Proton pump inhibitors- Adversaries in our fight against antibiotic resistance?
Keywords:Enterobacterales, Proton pump inhibitors
The proton-pump inhibitors (PPIs) belong to a class of medications that reduce stomach acid production by irreversibly inhibiting the stomach's H+/K+ ATPase pump. These medications are used in the treatment of many conditions, such aspeptic ulcer, gastroesophageal reflux, as part of H. Pylori eradication, gastrinomas, Barrett’s oesophagus and many other conditions. They are considered to be the most potent inhibitors of acid secretion, and have largely supplanted the H2 receptor antagonists and antacids. They are also among the most widely sold medications worldwide. The class of proton pump inhibitors is listed on WHO’s list of essential medicines.1Proton pump inhibitors are generally well tolerated. However, headache, nausea, diarrhoea, abdominal pain, fatigue, and dizziness are identified as some of the common side effects. Due to their efficacies and low risk profile, PPIs are often prescribed for extend than required period.
Several recent studies have shown that long-term PPI use is associated with various adverse outcomes. A 2023 study published in JAMA Network Open demonstrated that long-term use of PPIs may lead to an increased risk of acquiring extended-spectrum beta-lactamase (ESBL) and carbapenemase-producing enterobacterales.2Another study3 published in 2022 showed that PPI use was the only modifiable factor associated with the carriage of ESBL producers in residents of long-term care facilities. These studies add to the expanding list of adverse outcomes associated with PPIs. Other adverse events of long-term PPI use, include the risk of fractures, pneumonia, Clostridium difficile diarrhoea, hypomagnesaemia, vitamin B12deficiency, chronic kidney disease, and dementia.4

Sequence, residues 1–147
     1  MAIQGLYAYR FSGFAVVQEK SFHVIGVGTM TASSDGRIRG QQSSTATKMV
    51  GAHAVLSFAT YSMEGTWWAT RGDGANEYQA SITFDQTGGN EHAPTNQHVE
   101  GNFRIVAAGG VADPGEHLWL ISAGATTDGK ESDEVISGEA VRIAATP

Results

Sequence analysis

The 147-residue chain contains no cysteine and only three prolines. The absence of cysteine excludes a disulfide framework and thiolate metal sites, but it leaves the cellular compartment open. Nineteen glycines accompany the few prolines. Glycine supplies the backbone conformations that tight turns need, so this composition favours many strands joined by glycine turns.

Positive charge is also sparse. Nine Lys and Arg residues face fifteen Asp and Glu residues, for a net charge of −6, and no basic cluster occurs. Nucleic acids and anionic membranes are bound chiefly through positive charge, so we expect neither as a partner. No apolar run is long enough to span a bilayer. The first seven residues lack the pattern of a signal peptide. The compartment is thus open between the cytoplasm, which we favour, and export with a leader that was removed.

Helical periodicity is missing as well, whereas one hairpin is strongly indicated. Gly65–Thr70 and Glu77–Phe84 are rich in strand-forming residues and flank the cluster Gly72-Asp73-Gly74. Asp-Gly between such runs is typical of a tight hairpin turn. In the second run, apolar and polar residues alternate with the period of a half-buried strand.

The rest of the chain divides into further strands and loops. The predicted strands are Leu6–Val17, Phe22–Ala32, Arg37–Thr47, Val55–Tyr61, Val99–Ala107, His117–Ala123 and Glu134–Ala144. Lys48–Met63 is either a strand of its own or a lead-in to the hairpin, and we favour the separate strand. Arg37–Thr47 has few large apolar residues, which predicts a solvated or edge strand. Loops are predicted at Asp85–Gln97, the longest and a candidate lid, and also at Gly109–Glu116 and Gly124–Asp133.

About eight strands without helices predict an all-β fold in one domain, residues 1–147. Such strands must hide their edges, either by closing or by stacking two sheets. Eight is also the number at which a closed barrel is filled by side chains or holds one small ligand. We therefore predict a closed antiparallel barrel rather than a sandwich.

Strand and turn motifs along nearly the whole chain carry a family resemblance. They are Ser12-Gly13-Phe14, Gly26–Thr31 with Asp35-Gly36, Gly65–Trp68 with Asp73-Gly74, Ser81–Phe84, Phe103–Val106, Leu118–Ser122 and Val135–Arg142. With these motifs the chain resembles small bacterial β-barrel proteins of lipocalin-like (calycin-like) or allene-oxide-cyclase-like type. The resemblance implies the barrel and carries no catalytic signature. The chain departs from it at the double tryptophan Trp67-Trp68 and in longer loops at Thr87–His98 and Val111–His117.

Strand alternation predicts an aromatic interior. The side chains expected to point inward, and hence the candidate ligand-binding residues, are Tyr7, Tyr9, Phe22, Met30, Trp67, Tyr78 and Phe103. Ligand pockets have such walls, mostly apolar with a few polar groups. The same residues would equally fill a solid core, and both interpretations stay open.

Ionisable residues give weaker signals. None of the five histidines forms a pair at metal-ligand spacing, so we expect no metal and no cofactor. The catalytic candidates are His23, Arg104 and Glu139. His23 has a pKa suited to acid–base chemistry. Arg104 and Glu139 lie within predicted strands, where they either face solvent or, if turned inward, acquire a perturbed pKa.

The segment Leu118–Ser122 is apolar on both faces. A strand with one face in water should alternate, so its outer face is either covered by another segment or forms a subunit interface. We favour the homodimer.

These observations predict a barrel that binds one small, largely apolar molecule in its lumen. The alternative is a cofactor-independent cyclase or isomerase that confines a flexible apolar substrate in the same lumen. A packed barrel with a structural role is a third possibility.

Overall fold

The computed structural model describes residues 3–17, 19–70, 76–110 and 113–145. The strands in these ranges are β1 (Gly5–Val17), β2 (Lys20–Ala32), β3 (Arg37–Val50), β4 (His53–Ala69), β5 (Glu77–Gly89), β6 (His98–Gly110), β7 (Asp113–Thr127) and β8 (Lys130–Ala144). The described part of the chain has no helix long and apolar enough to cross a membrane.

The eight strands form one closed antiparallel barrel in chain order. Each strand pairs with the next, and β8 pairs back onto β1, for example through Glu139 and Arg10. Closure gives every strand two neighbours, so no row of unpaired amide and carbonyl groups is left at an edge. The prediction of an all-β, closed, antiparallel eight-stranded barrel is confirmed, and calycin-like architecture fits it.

Proton pump inhibitors are still used widely in Pakistan. These new findings are concerning as ESBL-producing Enterobacteriaceae are highly prevalent in Pakistan. A meta-analysis showed that the overall pooled proportion of ESBLs in Pakistan is 40%5 whereas the German population showed an estimated ESBL proportion in the range of 10 to 15% and a US census reported 4 to 12% resistance due to ESBLs.5 This calls for a strict prescription control of PPIs by Pakistani physicians, and the duration of PPI use should not extend for longer than needed. In addition, the practice of PPI’s over the counter sale by the pharmacists in Pakistan should be stopped. Additional precautions should be taken in hospitalized patients who are using PPIs to prevent them from getting multi-drug resistant infections.
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